PAYTON Gendron did his homework. Before driving over 300 kilometres to the Tops supermarket in Buffalo, New York, he spent months researching and considering suitable targets before settling upon this destination because, in his own words it had “the highest Black percentage that is close enough to where I live”.
He murdered 10 people, almost all of them black, in an attack he livestreamed much like Brenton Tarrant, a white supremacist who murdered 51 people in the 2019 mosque massacre in New Zealand. Like Tarrant, Gendron painted the murder weapon with slogans and symbols.
While Tarrant’s choice of inscriptions put him in the European branch of white supremacy, with references to the Battle of Tours and other historical Christian-Muslim conflicts, Gendron’s choices included racial epithets for black people and the number 14, which carries great significance in American ultra-right circles, referring as it does to the ‘14 words’ of convicted murderer and white supremacist David Eden Lane who wrote: “We must secure the existence of our people and a future for white children.”
This 14-word credo is a call to arms for white nationalists who seem to firmly believe that a slow genocide of the white race is being carried out and must be prevented by any means. The number 14 thus is often seen tattooed on the bodies of white nationalists and neo-Nazis. In the latter case, ‘88’ is also used; it’s a reference to Hitler as the eighth letter of the alphabet is ‘H’ and ‘88’ is thus a cipher for ‘HH’ which, in turn, is an abbreviation of ‘Heil Hitler’.
The Great Replacement theory has moved to the mainstream.
If this sounds like a bad joke, rest assured it is deadly serious. As serious as Gendron’s murderous agenda and the painstaking preparations he made before embarking on his genocidal mission.
In the months before the attack, Gendron documented his plans on a private Discord server, uploading details of his purchases of military style helmets, body armour and weapons, his target selection, etc. Gendron had been hauled in for a psychiatric evaluation after making murder-suicide threats in school. He also boasted of how he lied his way through that test and had no problems at all securing military grade weaponry that he later used to carry out this massacre.
Gendron, like many other white terrorists, also penned a rambling 180-page manifesto titled You Wait for a Signal While Your People Wait for You,in which he talks about the ‘Great Replacement’ of white people with a host of other ‘mongrel’ (in the parlance of his ideology) races. This particular theory has been a staple in extremist right-wing circles, and was also the title of Brenton Tarrant’s own manifesto, which he penned in 2019.
The Great Replacement is centred on the thesis that the white race is deliberately being wiped out, a process in which declining Western fertility rates, immigration (legal or illegal) from non-white countries, permissive abortion laws and interracial marriage are all tools that are being used by a global elite, including liberal politicians (the Democratic Party, for example), financiers, and influencers in popular culture, along, of course, with Muslims, under the overall direction of a cabal of powerful Jews. The unspoken assumption here is that, once this is achieved, white people will be treated the same way they have historically treated the ethnic and religious ‘others’.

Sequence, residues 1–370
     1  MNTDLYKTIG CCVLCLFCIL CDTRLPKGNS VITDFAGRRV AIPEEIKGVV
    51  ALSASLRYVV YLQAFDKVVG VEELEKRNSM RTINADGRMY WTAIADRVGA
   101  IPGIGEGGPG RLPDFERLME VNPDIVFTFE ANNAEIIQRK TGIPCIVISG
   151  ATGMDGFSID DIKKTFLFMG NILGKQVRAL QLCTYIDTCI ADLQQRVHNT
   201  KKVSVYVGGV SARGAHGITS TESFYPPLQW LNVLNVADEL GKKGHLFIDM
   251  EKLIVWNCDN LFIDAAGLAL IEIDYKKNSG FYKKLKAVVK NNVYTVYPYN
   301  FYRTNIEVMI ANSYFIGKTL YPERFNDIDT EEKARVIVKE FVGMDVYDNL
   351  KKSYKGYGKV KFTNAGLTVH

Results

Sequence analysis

The details vary from group to group and area to area, but the broad contours remain the same. For example, European extremists like Anders Breivik who massacred 69 people in Norway, referred to the ‘Eurabia’ variant of the overall white genocide theory, of which the Great Replacement theory is an analogue. Most often, terrorists like Gendron, Tarrant (whose writings Gendron shared on his Discord server) and Breivik are written off as ‘lone wolves’, unconnected to formal organisations and hence not considered an existential threat, but this is misleading.
While it is true that these people do not have, or claim, membership of traditional terrorist networks, it is clear that they are all part of the same overall ideological network and provide inspiration to, and are inspired by, each other and often are found citing the same sources, writings and individuals — a process enabled by the ubiquity of the internet and social media forums.
The Great Replacement theory has moved from the fringes to the mainstream, most prominently in America where anchors like Tucker Carlson and Republicans such as Lauren Boebert have increasingly been saying the quiet part out loud, providing a larger audience for, and greater acceptability of, this murderous narrative. With such voices gaining strength, traction and acceptability, the ideological basis for white terrorism is more secure than ever before. All that is needed then is for someone like Payton Gendron to inevitably come around and turn words into action.
The writer is a journalist.
Published in Dawn, May 23rd, 2022